A reform temple in Ra’nana was recently attacked by vandals who clearly thought that they were very erudite. Instead of daubing the walls of the temple with offensive epithets or threats, they effectively gave their victims a reading list. Their graffiti scrawl read, “Maimonides, Laws of Repentance, Chapter 3, Law 14; Psalms 139, verses 21-22.”
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The attack doesn’t demand too much interpretation. The law codified by Maimonides to which the vandals were referring states that heretics and deniers of the Torah have no place in the world to come. The verses in Psalms express the Psalmist’s desire to strive against those that hate the Lord.
It was a heartless, criminal act. It was cowardly, and it was hateful. Everybody from left-wing party Meretz to right-wing Habayit Hayehudi has testified to that. But above and beyond its heartless criminality, its content was wrong, even by strictly Orthodox lights: Reform Judaism isn’t apostasy.
Rabbi Eliezer Berkowitz, in his book “Not in Heaven,” made the following observation: Jewish law only recognizes two types of apostate - the apostate who rejects Judaism for an easier life, and the apostate who rejects Judaism out of a desire to attack Jewish tradition. Berkowitz makes the following point: sincere Reform Jews do not satisfy either of these criteria. They are not apostates.
In contemporary Israel, the point is easily demonstrated. To join a Reform community in Israel is never to opt for an easier life. You want a Reform wedding? The state won’t allow that. You want a Reform rabbi to officiate at your funeral? The state won’t allow that. It would be much easier to be a non-observant Orthodox affiliating Jew than to turn to the Reform movement and face the legal and social obstacles in the way of Reform Jewish life. I have deep and fundamental concerns with Reform Judaism, a movement of which I am critical, but Israeli Reform Judaism is certainly not apostasy for the sake of an easier life. It is a conviction-driven affair.
Furthermore, Reform Judaism doesn’t have any desire to attack Jewish tradition. It has a desire to reform it, to save it from fossilization, to bring it into a modern age. It isn’t motivated by destructive zeal. It is an expression of Jewish pride, whether you agree with it or not.
Membership in the Reform movement is far from sufficient to make a person an apostate even if, like me, you think that they’re theologically misguided. The law of the heretic doesn’t apply to them. The graffiti wasn’t just scary and criminal; its content was wrong.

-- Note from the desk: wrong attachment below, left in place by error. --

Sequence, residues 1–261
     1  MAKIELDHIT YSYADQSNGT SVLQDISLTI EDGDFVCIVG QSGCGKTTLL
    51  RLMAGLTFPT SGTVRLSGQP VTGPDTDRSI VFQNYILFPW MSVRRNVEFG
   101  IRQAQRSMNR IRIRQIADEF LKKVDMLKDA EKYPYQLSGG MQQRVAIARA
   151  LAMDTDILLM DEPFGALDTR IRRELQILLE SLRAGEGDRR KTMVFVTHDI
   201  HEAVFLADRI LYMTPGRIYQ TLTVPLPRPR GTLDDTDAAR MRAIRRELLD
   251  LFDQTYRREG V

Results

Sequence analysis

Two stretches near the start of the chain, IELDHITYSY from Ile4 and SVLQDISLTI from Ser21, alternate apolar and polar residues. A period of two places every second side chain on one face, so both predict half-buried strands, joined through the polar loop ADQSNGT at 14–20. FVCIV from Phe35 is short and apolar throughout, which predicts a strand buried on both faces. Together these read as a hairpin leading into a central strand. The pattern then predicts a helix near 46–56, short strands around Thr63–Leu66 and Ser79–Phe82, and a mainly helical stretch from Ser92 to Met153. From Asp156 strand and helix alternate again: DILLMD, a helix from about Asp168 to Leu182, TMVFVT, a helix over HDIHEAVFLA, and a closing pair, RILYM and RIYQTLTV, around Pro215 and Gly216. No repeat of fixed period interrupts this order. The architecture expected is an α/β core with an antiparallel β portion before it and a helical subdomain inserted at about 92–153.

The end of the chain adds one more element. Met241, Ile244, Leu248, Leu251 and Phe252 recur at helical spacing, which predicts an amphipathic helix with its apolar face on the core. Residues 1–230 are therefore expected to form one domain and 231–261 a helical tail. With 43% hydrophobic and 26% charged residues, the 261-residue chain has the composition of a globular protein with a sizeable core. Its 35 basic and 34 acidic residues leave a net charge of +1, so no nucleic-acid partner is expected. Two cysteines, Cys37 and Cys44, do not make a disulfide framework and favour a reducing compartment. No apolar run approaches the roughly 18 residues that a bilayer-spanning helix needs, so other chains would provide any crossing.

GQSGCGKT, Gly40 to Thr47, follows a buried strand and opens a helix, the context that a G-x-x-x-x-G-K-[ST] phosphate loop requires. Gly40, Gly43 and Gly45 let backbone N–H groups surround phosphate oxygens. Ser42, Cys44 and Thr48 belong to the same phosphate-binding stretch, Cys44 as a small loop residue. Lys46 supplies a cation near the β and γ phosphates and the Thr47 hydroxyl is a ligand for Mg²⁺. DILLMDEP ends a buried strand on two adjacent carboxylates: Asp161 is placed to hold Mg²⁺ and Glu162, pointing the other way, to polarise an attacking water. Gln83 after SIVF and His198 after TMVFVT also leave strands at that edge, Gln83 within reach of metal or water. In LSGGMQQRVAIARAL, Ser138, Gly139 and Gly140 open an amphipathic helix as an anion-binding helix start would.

When these thugs are hopefully caught, I think a fitting punishment would be to daub graffiti on their houses that reads, “Maimonides, Laws of Forbidden Relationships, Chapter 19, Law 17.” In that chapter, Maimonides states that Jews are not supposed to marry gentiles. He further states that if you meet a Jew with certain character traits, you should doubt that they are really Jews. Even if you meet a person whose family tree is Jewish all the way up, if they display certain traits, Maimonides says that you shouldn’t marry them for fear that they can’t really be Jews. He states:
“Similarly, whenever a person is characterized by insolence and cruelty, hating people and not showing kindness to them, we seriously suspect that he is a Gibeonite. For the distinguishing signs of the holy nation of Israel is that they are meek, merciful and kind.”
Now, of course, liberal ears will take umbrage at the racist denigration of the Gibeonites. But these vandals are looking at the Reform Movement from a Maimonidean perspective; let’s look at them from the same perspective.
Was their act of vandalism meek? Was it merciful? Was it kind? Or was it insolent, cruel and hateful? These vandals may think that they’re erudite, and that their denomination of Judaism is inerrant and supreme, but Maimonides would suggest that whatever their denomination is, they’re not even Jewish.
The law in question also states that if a person accuses another of X, then we should suspect the accuser of X, because “whoever denigrates others, denigrates them with a blemish that he himself possesses.” This would seem to imply that the vandals in question are the enemies of God, against whom the Psalmist strives.
If these vandals were meek, merciful and kind, perhaps they’d have the courage and the love to engage Reform Jews in conversation; perhaps they would find, as I have done in my conversation with some Reform leaders and teachers, God-fearing Jews of tremendous conviction, despite our heartfelt disagreements.
Dr. Samuel Lebens, an Orthodox Rabbi, is a Research Fellow at the Center for Philosophy of Religion at the University of Notre Dame.